A New Year’s Benediction

The book of Numbers reports the account of the Israelites’ breaking camp at the foot of Mount Sinai and renewing their wandering in the wilderness. The opening chapters tell about the priests who served at the tabernacle and about the regulations the priests and people were to follow.


Number 6:24–26 records a priestly blessing directed toward the Israelites. As God’s spokesperson, the Aaronic priest first made atonement for the covenant community in the Most Holy Place of the tabernacle. Then, the priest offered the benediction on behalf of God’s people.


This blessing is also an appropriate New Year’s benediction for contemporary believers, especially as they navigate the uncharted and potentially turbulent waters of 2018:


“May the Lord bless you

   and protect you;

the Lord make his face shine upon you

   and be gracious to you;

the Lord turn his face in favor toward you

   and give you peace.”


The last line of the benediction, with its emphasis on “peace” (Hebrew, shalom), signifies more than the mere absence of hostility and the presence of tranquility. It also concerns human wellness, happiness, and flourishing in all areas of life.


For Christians, temporal joy and eternal satisfaction are found in union with the Messiah. After all, their faith in Him is the basis for them being “declared righteous” (that is, not guilty; Rom 5:1) and enjoying “peace” with the Father.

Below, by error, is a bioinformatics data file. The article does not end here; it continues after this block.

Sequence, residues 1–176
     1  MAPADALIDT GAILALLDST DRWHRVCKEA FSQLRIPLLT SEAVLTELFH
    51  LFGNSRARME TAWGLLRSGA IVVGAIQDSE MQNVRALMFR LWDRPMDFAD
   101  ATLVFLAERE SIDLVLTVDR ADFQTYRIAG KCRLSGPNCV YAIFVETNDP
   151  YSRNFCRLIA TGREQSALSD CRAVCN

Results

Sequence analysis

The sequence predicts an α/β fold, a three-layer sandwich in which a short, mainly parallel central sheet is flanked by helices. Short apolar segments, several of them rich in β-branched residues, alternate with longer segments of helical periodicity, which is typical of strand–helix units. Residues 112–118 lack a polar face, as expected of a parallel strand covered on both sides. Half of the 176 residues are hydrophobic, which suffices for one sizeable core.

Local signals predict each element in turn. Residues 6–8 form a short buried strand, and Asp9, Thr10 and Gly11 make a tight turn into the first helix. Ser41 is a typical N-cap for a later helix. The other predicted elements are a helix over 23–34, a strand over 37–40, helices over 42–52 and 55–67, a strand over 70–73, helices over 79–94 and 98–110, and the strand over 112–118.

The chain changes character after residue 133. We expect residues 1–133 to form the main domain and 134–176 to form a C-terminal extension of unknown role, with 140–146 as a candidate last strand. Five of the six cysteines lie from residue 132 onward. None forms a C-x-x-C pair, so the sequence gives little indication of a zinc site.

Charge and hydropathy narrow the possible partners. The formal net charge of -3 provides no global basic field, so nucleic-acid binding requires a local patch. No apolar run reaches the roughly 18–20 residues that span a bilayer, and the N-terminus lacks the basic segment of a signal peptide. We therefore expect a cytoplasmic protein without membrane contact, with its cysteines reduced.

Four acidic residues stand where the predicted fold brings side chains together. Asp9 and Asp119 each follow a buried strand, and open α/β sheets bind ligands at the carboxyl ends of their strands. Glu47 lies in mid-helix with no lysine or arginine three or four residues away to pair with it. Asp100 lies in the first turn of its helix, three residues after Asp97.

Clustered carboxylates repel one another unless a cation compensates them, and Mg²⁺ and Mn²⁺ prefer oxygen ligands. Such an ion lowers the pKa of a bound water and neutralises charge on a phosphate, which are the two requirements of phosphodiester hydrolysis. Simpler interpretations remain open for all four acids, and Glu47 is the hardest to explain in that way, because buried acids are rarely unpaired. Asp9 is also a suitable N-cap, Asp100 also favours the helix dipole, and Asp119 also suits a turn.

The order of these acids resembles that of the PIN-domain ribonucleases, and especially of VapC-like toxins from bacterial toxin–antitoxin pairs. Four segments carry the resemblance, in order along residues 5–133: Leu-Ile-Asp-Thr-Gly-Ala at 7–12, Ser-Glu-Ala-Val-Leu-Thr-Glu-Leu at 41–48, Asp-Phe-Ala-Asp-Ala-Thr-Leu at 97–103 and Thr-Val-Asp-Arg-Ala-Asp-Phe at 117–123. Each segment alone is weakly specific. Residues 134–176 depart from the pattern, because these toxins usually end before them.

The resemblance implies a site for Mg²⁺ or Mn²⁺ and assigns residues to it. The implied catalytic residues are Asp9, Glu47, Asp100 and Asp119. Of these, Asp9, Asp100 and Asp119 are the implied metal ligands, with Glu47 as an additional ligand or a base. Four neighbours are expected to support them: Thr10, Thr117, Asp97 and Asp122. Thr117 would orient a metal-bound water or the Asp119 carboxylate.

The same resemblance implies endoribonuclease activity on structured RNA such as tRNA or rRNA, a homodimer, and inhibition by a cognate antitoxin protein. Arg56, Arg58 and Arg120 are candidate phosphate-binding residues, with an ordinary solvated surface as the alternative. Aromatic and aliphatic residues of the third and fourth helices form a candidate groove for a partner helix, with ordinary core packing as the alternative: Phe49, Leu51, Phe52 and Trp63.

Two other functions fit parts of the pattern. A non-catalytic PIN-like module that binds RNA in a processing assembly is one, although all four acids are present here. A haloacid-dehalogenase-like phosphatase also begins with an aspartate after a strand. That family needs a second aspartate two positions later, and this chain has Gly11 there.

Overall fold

Moreover, the Son, as the believers’ “Prince of Peace” (Isa 9:6), enables them to deal constructively with anxiety and fear (John 14:27). The peace Jesus graciously lavishes on His followers not only “transcends all understanding” (Phil 4:7), but also stands “guard” as a sentry over their “hearts” and “minds.”


In this upcoming new year, may the Creator look with favor on all the thoughts and plans, words and deeds, of His beloved children around the globe. Amen.

Professor Dan Lioy (PhD, North-West University) holds several faculty appointments. He is the Senior Research Manager at South African Theological Seminary (in South Africa). Also, he is a professor of biblical theology at the Institute of Lutheran Theology (in South Dakota). Moreover, he is a dissertation advisor in the Leadership and Global Perspectives DMIN program at Portland Seminary (part of George Fox University in Oregon). Finally, he is a professor in the School of Continuing Theological Studies at North-West University (in South Africa). Professor Lioy is active in local church ministry, being dual rostered with the Evangelical Church Alliance and the North American Lutheran Church. He is widely published, including a number of academic monographs, peer-reviewed journal articles, and church resource products.